The Evolution of a Gunfighter Part 1
The Evolution of a Gunfighter Part II

Shooting at Arm’s Length

-Suarez International Staff Instructor Jon Payne

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The best gunfight is the one you can avoid. If you can’t avoid it, you’re most likely to be reacting to someone else starting the fight. Especially if you have to use a pistol to defend your life and the lives of your loved ones, your actions are likely to be both reactive and done at very close range.   The words I hear most often when describing lethal encounters is how fast they start and with little warning.

Today’s handguns are not meant to be used at Camp Perry matches; they’re designed to get the bad guy off you now! You can practice using two hands and the modern isosceles, but when bullets have to be put on the bad guy chances are you won’t have the luxury of getting into a perfect stance, seeing a sharp sight picture, and experiencing the “surprise break”.

 

 Some fundamentals will be sacrificed when shooting at mouth wash distances. Your stance will be less than optimal since you should be on the move or because you’re actually in contact with your attacker. Your grip may only be with your shooting hand. You will not have time for a perfect sight picture or even a “flash” sight picture. How well do you think you’ll be able to practice breath control?   What’s going to make the difference between a good hit and a miss is your trigger press and reset. Even when everything else is perfect and the world is a wonderful place, if you goof your trigger control you won’t make that perfect shot.

 

In a close contact life or death encounter your hands may be busy trying to fend off an attack or prevent your opponent’s draw stroke.   You need to move first and then access your pistol. Accessing your pistol first will leave you in the kill zone and takes up precious fractions of a second that you can’t afford to waste. Jam the bad guy’s draw or knife slash/stab, or even punch them in the mouth. Just do it as you’re moving to get off the line of the attack and create an opening where you can counter-attack with fast, furious, and over-whelming violence.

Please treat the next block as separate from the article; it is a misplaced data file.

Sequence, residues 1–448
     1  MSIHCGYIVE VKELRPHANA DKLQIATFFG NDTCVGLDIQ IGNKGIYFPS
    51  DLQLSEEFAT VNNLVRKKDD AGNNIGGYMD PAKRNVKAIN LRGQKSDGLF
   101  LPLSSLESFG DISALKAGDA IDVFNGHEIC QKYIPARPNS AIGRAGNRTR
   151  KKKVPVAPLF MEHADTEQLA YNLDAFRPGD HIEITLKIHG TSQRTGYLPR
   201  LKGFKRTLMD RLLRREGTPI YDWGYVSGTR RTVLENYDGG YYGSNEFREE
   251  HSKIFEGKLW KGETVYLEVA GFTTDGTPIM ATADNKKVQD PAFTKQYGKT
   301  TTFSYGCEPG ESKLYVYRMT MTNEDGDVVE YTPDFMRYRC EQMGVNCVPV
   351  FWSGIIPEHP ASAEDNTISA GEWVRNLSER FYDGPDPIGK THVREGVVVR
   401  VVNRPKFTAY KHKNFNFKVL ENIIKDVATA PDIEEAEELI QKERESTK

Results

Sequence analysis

Another aspect that needs to be examined is the positioning of the handgun in an arm’s reach encounter. The last thing you want to do is give the bad guy control of your weapon. Think about firing with retention. If you’re able to establish a two handed grip this would be done during your draw stroke. If count one is establishing your grip, count two is clearing your holster, then count three would be clasping your support hand around the support side of your handgun. This position is referred to as close contact ready and you can make fast fight stopping hits from this position. I’ve broken down parts of the draw for explanation only.

 

Driving your pistol into your opponent is not a good idea, especially if they’re trained in Disarms. Disarms are being taught and practiced in prisons. You need to take that into account in your training and practice. To achieve the retention positions, instead of thinking about extending your arm into the target, retract the pistol using your elbow to bring the back of the slide closer to you. You can practice this dry and with airsoft pistols. Much like the Close Contact Ready position, the pistol is held much closer to your body than when shooting paper targets. Be aware of where you’re support hand is. If you’re driving your support hand into the bad guy’s face angle your pistol to the bad guy’s midsection and or groin.

 

If you’re retreating to your support side on an angle your pistol and elbow will be almost horizontal with your elbow bent slightly less or right at 90 degrees. Your pistol will “float” in this fighting position and very fast hits are possible. You’re only using your firing hand in this position because a two handed hold will put your upper body in a bind.

 

When busting of the “X” to your firing hand side you’ll in effect; be shooting over your support shoulder. Be careful of your muzzle and be aware that if you get a semi-auto slide too close to your face it’s going to smack you. This is a two handed shooting position.

 

The whole idea of firing with retention at very close range is to allow you to get good hits on the bad guy without losing control of your weapon, and it is admittedly difficult to describe well with just words and pictures. If you want to see both demonstrations and more detailed explanations of some of your options, look for the DVD Close Range Gunfighting from Infidel Media Group. Other excellent DVD’s include Roger Phillips Point Shooting Progressions Series and My own Pocket Pistol Gunfighting DVD (due to be released soon)

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